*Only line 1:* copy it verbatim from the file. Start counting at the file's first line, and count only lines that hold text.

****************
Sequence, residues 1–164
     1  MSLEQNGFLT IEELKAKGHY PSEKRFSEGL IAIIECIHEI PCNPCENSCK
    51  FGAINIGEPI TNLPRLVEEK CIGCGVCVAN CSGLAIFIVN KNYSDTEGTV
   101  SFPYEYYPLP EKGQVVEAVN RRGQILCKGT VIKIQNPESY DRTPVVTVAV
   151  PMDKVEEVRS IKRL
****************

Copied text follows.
Sequence, residues 1–164